Simplify, Simplify …

“Our life is frittered away by detail. Simplify, simplify, simplify!”  – Henry David Thoreau

Henry Thoreau made this statement more than a century ago, yet it’s still true today. Even more so than when I first read Thoreau’s book Walden as a sophomore in high school.

When writing the “story” of your life (and/or your business), keeping things simple is as important as editing is to the end result of a piece of written material. That goes for business letters and emails too, not just books and articles!

Since February, I’ve been gradually building a picture of what it takes to “write” your own story – the ingredients of your core message (which is what every business owner needs to have if they plan on using content marketing to promote their business).

After deciding which types of stories you’re going to share with your audience, finding your voice (the tone with which you communicate with clients), creating suspense to keep your readers engaged, and then coming up with excellent solutions for your customers’ problems (conflicts), you’re ready for the next step:  Edit (aka simplify)!

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Cutting back, removing clutter, and simplifying your life and business is SO much easier said than done. But in the same way pruning a rose bush improves the health and appearance of your roses, trimming back the excess in your life can improve your whole outlook.

I may have some new insights on this in a couple of months, after my family finishes moving to a smaller place. But I have to admit that I’ve already noticed a difference in my thinking and creativity – for the better!

Fortunately, cutting out excess “fluff” from your writing is much less time-consuming (and painful) than pruning bigger things … like your life and business.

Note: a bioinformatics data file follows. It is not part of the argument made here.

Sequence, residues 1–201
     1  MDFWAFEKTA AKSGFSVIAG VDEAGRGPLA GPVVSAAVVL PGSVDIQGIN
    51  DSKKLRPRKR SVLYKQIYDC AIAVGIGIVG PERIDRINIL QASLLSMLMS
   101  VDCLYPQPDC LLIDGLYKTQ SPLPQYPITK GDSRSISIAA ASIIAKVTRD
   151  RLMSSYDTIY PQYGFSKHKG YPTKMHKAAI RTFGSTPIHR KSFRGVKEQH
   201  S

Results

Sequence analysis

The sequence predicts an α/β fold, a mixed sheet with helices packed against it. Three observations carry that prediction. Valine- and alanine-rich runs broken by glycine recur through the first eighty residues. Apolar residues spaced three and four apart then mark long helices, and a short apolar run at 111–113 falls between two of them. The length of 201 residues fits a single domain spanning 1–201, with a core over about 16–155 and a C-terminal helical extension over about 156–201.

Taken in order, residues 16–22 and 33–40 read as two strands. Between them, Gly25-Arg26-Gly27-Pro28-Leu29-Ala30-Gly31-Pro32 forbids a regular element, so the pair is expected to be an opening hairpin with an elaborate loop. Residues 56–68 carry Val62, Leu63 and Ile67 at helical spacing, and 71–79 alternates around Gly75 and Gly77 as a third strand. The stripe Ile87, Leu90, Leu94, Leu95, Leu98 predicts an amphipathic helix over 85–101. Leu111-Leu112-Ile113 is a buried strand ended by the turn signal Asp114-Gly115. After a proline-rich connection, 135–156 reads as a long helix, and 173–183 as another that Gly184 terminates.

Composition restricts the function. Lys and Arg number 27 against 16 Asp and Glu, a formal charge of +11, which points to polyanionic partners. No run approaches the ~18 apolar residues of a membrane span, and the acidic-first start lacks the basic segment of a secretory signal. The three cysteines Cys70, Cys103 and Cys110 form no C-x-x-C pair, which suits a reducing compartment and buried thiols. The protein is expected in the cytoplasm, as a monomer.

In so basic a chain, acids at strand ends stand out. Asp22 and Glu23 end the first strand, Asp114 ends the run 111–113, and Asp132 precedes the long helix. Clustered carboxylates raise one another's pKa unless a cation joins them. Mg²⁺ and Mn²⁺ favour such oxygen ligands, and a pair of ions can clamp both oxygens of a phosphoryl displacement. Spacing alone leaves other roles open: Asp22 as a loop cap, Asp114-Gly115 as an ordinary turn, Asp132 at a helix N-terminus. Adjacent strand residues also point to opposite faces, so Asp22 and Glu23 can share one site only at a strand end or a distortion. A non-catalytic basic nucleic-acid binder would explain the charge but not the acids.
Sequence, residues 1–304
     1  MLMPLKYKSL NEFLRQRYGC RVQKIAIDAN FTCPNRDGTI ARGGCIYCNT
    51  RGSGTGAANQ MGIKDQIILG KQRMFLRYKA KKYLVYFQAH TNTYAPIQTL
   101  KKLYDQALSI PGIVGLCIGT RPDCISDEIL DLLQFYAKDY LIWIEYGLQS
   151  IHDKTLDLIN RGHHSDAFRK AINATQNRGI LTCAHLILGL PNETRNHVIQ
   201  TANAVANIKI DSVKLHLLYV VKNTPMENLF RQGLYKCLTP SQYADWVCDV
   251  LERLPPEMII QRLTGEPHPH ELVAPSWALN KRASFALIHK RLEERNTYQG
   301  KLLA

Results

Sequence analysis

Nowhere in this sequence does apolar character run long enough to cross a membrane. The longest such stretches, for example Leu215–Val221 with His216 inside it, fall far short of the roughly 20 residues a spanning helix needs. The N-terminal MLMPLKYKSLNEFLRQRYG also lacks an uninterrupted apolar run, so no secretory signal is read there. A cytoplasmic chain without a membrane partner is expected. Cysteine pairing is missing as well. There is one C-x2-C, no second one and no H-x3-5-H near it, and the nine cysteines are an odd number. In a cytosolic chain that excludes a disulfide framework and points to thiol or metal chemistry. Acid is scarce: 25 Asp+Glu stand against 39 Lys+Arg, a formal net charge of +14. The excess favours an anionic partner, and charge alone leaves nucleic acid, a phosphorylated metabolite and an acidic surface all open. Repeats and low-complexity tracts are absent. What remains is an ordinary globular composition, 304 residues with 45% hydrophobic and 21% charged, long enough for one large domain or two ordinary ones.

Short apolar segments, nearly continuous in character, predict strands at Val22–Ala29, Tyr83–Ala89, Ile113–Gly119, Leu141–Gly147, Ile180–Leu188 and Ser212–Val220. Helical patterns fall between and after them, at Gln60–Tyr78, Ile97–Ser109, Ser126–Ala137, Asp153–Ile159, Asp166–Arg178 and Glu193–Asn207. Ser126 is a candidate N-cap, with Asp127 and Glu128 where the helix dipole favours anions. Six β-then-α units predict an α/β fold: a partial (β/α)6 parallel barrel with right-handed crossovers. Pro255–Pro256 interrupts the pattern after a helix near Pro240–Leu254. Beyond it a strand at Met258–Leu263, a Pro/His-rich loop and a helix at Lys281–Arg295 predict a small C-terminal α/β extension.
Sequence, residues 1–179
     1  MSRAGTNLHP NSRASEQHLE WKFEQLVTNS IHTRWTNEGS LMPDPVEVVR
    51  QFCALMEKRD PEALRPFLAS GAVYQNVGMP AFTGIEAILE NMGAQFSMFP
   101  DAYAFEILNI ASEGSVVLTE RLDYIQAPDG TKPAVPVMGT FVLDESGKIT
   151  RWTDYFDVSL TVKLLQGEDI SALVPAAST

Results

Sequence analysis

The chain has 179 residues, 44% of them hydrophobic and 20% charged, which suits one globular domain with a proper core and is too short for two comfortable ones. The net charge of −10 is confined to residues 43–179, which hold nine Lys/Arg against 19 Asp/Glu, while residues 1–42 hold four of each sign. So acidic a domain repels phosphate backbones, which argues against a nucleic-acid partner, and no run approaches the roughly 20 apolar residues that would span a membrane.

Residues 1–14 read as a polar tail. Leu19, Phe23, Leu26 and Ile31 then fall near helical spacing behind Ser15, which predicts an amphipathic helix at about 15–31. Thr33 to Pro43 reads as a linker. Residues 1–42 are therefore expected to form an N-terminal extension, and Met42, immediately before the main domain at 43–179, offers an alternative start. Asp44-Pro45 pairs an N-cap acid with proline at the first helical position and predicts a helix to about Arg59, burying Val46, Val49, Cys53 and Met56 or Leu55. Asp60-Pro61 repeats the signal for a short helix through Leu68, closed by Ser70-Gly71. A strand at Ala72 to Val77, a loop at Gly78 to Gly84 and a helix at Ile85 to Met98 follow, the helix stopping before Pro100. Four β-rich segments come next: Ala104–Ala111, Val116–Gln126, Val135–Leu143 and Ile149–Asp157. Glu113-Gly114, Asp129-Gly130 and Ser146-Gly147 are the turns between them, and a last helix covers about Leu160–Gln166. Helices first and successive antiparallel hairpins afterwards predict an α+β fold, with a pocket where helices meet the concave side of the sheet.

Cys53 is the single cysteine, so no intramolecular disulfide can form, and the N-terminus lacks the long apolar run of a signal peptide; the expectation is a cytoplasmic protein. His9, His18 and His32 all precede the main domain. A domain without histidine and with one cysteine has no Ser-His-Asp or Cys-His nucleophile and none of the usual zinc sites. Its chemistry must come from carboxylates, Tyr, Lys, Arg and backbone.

Choose Words Wisely

Simplifying your company’s story (aka message) isn’t just about removing a few extra words from your emails or business letters.  It’s also about deciding which parts of your marketing strategy are working and which are not.  And using social media “on purpose” (i.e., with a strategy in mind, not randomly).

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This month, I’ve included three resources to help you figure out new ways of simplifying your own business – writing and all.


Becoming Minimalist (blog)  by Joshua Becker This blog is written by a guy who decided to dramatically simplify his lifestyle back in the spring of 2008, intentionally living with fewer possessions. Read his posts to discover how that’s working for him and his family. He sometimes has guest posts too. Great photos, great messages!

Simple Living Manifesto: 72 Ideas to Simplify Your Life  by Leo Barbauta. This article offers a step-by-step guide to simplifying your life. “Getting to simplicity isn’t always a process,” says Barbauta. “It’s a journey, not a destination, and it can often be a journey of two steps forward, and one backward.”

Walden  by Henry David Thoreau.  Henry Thoreau lived in a cabin by Walden Pond (in Massachusetts) for two years in the mid-1840s. During that time, Thoreau had the chance to “immerse himself in nature, distancing himself from the distractions of social life.”

Thoreau’s writing is deep, yet simple. Assigned to high school students as required reading for many years, it’s a book everyone should read, I think. Especially since the distractions of life today are far greater than they were two centuries ago!


“Besides the noble art of getting things done, there is the noble art of leaving things undone. The wisdom of life consists in the elimination of non-essentials.”  – Lin Yutang, The Importance of Living

“A child of 5 could understand this. Send someone to fetch a child of 5.” – Groucho Marx


This post originally ran as an article in the November 2012 issue of The Write Stuff.

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